(all photos mine)
Queen Anne is in a bit of trouble. This ex-monarch is under a siege! Used to the daily sight of tourists quietly lining up to enter the St. Paul’s Cathedral behind her, she now looks around to see hundreds of youth pouring in from across the United Kingdom for a sit-in. It’s called the “Occupy London” movement, inspired by the “Occupy Wall Street” movement in New York, which is now spreading across the globe. The siege began on October 15th, the international day of solidarity with the indignados (“outraged”) movement that began in Spain. The indignados movement had begun exactly five months before, on May 15th, at a rally in Madrid, which slowly transformed into a protest camp that occupied the city’s central Puerta del Sol for many weeks. It was driven by the extreme indignation experienced by the Spanish people during the economic crisis, and against cuts in public spending in health and education as well as rising unemployment and corporate greed. Thus, one of the banners at the St. Paul’s read: “This is an Outrage”.
A spontaneous sit-in? Not really. Protestors told me that they had held a general assembly many weeks back, on the sides of a meeting to protest against the Tory government’s new National Health Services (NHS) Bill. The NHS Bill seeks to sharply cut state spending in UK’s public health system. From then on, the protestors have been meeting “virtually” almost everyday.
What has been critical to this build-up is the country-wide protest movement picking up slowly against the Tory government’s economic policies. The most important of them is the movement to preserve UK’s famed NHS, the basis of its welfare state model. In the midst of the global crisis, UK, just as many countries in the world, has entered into an massive austerity drive. Social services are being downgraded, public expenditures are being cut and workers are being pushed out of employment. Trade unions have argued that the new NHS Bill aims to privatise NHS and forces NHS hospitals to compete with private hospitals; “the end of the NHS”, was how a trade union leader described the Bill.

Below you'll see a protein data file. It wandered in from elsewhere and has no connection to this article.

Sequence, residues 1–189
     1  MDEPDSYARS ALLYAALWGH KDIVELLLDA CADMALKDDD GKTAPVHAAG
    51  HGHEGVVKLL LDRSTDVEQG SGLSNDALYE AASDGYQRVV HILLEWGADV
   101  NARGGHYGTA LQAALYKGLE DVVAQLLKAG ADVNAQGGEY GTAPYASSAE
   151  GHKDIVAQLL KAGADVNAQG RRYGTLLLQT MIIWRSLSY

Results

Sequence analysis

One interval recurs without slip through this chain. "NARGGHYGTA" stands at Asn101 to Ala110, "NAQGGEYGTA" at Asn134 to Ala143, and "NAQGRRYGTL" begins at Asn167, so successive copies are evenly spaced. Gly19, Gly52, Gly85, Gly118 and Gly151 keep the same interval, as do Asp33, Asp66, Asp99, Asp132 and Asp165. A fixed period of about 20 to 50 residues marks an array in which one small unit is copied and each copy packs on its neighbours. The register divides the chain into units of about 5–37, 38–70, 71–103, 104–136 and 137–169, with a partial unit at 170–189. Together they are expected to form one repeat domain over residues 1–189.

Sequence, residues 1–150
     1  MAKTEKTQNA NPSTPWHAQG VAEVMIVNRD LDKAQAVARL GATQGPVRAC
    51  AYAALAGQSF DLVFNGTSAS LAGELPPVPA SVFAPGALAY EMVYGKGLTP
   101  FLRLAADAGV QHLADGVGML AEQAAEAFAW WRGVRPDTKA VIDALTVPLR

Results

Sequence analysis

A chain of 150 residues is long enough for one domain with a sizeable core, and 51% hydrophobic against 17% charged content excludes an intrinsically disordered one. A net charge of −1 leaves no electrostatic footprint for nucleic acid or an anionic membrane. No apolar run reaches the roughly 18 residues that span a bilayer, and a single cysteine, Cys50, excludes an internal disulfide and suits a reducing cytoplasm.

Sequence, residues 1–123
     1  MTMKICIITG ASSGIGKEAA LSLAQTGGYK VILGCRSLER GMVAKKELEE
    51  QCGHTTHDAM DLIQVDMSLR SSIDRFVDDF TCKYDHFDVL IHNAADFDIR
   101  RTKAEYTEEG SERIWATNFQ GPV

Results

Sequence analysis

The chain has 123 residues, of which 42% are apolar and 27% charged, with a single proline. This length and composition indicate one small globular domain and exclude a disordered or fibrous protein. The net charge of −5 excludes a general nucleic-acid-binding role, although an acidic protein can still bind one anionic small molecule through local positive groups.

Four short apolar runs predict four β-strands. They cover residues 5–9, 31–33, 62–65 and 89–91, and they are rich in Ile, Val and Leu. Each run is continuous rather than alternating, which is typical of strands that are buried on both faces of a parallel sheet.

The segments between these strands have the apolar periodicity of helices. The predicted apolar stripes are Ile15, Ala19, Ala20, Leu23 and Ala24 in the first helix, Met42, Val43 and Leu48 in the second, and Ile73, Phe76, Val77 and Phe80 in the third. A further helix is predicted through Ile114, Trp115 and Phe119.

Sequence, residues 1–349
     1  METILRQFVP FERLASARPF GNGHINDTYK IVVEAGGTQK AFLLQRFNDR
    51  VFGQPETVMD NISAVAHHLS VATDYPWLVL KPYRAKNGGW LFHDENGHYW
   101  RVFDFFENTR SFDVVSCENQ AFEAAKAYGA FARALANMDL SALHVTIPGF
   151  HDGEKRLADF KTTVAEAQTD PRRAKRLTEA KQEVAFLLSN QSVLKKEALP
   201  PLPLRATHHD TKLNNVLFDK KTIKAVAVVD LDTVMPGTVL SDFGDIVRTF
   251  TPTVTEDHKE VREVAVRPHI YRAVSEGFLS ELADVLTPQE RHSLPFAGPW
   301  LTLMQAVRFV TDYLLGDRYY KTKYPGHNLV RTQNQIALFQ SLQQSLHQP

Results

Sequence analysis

Alongside, anger has been brewing at how governments have bent over their shoulders to please the financial sector, or the “bankers”. While private banks that revelled in speculation were “bailed out” by governments, its costs were borne by the people, who suffered massive cuts in social services and loss of jobs. The protest phrase of 2009 was true: “Privatise Profits, Socialise Losses”. In most demonstrations to protest against the NHS Bill in the UK, the anger against bankers is conspicuous. At a demonstration at the Westminster Bridge last Sunday, a placard read: “Governments must serve people, not banks”; another angrily asked, “When did the bank deliver a baby?” An NHS doctor was quoted by radical dailies as saying: “the same forces that wrecked the economy are queuing up to take over the health service”.
A country-wide strike has been called by major trade unions on the 30th of November. A massive voting exercise is on within unions to obtain a “yes” vote to the strike from the majority of workers. Big news of the week was the posting of 1.1 million ballots by the public sector union “Unison” to its workers; Unison has its members across local government offices, NHS hospitals, and other departments like water, environment and transport. The radical newsletter of Socialist Worker exhorted the workers thus:
“The government wants workers to work longer, pay more, and get less in their pensions at the end of it. Pension contributions could soar by as much as 50 per cent in many cases. Some workers will be told they have to work until 67. And at the end of it all, they’ll get even less – even though the current average council workers’ pension, for example, is £ 4,200.